BEIRUT — A car bomb in the heart of the Turkish capital, Ankara, killed at least 37 people Sunday, heightening anxieties that violence from the war against Kurdish militants in the southeast is spilling into Turkish cities.
The early-evening explosion struck near a busy square along Ataturk Boulevard, an area of malls and restaurants that is typically packed with shoppers and commuters.
It was the second such bombing in Ankara in less than four weeks and occurred less than a mile from the earlier one. The previous attack, on Feb. 17, targeted a bus full of Turkish soldiers, killing 28 of them, and was claimed by an offshoot of the Kurdistan Workers’ Party, or PKK.
There was no immediate assertion of responsibility for Sunday’s blast, but the pro-government Daily Sabah quoted a Turkish government official as saying the PKK or one of its affiliates is the main suspect.
The exact target wasn’t clear, and some Turkish media reports suggested it may have been a group of riot police, a common sight on the streets of Turkish cities, that had gathered nearby. CCTV footage showed a car parked on the busy boulevard exploding in a ball of flame as traffic whizzed past.
But initial reports suggested at least some of the casualties were civilians waiting at nearby bus stops, which would mark another worrying twist in the escalating violence between the Turkish government and the PKK.
The Health Ministry said 37 people were killed and at least 128 were injured in Sunday’s bombing.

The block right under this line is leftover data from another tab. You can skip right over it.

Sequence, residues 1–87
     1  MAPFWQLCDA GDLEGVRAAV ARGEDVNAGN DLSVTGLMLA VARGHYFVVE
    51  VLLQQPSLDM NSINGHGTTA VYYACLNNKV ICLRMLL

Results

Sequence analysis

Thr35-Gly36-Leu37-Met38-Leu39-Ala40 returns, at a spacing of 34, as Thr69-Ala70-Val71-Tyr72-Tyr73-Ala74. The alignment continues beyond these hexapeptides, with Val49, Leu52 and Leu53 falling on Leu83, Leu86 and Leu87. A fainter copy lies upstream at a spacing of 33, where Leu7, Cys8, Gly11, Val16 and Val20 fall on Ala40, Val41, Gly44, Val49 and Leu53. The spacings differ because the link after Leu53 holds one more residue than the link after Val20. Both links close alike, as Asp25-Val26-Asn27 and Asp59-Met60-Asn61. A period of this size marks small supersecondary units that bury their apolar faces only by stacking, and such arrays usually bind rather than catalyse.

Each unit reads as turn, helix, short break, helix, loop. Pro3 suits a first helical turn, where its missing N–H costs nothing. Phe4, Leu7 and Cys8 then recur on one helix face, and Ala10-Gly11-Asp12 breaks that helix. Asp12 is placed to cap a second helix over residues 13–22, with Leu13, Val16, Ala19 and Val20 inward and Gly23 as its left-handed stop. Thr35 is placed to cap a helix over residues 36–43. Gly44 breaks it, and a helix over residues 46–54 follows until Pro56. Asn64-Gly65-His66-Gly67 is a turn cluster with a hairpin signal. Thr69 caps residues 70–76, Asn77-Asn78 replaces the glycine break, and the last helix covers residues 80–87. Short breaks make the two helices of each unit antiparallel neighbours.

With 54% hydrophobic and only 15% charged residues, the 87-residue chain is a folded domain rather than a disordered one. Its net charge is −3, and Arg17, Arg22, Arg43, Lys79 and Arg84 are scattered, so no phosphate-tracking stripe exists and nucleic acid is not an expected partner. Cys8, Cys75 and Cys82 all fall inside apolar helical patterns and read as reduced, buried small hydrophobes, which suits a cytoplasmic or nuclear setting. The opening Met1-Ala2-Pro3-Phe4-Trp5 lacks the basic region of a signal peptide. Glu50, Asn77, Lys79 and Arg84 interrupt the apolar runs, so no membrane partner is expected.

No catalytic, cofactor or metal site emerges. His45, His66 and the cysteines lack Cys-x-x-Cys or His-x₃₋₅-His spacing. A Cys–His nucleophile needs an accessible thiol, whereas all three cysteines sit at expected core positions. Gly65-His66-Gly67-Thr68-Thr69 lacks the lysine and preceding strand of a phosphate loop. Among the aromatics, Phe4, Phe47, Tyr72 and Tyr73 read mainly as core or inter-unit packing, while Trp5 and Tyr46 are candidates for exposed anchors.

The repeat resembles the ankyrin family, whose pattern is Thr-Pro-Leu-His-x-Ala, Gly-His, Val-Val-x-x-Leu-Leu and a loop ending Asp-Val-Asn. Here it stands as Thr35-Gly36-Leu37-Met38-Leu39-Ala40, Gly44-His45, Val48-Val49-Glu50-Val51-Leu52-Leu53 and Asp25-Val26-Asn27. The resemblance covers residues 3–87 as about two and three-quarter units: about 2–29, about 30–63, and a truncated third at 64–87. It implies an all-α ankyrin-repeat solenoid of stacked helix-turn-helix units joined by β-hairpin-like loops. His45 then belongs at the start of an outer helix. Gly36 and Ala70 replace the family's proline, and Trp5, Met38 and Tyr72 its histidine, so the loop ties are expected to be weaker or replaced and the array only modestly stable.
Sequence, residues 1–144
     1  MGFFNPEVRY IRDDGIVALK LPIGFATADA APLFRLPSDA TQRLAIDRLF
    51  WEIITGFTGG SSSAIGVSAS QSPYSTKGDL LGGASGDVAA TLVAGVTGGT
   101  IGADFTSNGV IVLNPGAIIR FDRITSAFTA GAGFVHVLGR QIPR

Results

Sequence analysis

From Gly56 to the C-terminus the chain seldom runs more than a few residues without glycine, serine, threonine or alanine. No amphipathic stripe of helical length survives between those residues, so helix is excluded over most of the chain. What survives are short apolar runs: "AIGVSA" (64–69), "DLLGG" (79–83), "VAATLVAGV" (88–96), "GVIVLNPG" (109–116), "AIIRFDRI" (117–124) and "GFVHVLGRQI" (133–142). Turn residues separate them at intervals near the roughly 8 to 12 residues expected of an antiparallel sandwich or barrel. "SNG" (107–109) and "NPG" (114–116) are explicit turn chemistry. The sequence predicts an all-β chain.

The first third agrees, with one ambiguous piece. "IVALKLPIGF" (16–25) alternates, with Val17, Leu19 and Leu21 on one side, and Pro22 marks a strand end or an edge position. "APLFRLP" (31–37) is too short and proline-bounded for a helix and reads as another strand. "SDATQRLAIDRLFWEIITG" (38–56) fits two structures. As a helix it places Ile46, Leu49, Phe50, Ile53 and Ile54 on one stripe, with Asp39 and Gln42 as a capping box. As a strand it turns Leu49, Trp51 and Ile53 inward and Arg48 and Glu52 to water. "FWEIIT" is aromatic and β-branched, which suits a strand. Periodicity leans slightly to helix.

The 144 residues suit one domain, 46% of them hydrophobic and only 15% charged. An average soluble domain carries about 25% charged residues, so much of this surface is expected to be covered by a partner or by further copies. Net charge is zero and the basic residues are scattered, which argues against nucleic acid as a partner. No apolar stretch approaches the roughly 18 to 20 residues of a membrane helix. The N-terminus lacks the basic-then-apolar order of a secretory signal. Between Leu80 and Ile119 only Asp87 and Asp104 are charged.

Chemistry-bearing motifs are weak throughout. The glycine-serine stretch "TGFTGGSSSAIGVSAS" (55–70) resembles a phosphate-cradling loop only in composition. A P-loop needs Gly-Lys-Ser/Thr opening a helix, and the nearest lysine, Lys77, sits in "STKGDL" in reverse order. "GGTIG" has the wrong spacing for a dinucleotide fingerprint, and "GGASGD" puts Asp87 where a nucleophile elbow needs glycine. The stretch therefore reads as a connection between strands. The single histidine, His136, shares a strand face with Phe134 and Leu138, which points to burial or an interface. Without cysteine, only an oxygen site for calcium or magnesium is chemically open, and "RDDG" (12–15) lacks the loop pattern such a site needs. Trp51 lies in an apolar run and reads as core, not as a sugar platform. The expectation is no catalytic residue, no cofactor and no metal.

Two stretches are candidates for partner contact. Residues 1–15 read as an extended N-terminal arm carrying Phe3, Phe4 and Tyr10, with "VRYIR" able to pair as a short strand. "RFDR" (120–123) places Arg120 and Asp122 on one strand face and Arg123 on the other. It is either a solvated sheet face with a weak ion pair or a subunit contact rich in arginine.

Smaller-scale attacks have been commonplace against Turkish military targets in the largely Kurdish southeast since a cease-fire broke down last summer and engulfed cities there in full-scale war. The two recent attacks suggest that the militants are seeking to escalate the fight by taking it into the heart of the country and hitting civilians, too.
The U.S. Embassy warned Friday in a message to American citizens that a terrorist attack might be imminent in Ankara, but it did not identify any group.
The Islamic State has also carried out attacks in Turkey in recent months, but those were suicide bombings, not car bombs. The worst killed more than 100 people in Ankara at a Kurdish peace rally last October. In Istanbul, 11 people, most of them German tourists, died in January when a suicide bomber struck the historic Sultanahmet district.
The violence has unnerved Turkey, which finds itself entangled in fights on two fronts, against the Kurds in southeastern Turkey and against the Islamic State in Syria. The two wars are becoming ever more closely intertwined, with Turkey firing artillery into Syria to halt advances there by the Syrian Kurdish People’s Protection Units, or YPG, which is allied with the PKK, against the Islamic State and Syrian rebels.
The fighting between Turkey and the YPG has caused friction with the United States, too, which is allied with both of them in the war against the Islamic State.
The U.S government, like Turkey, has designated the PKK a terrorist organization. But it has refused Turkey’s demands to designate the YPG as terrorist, saying it regards the YPG as a vital ally in the fight against the Islamic State.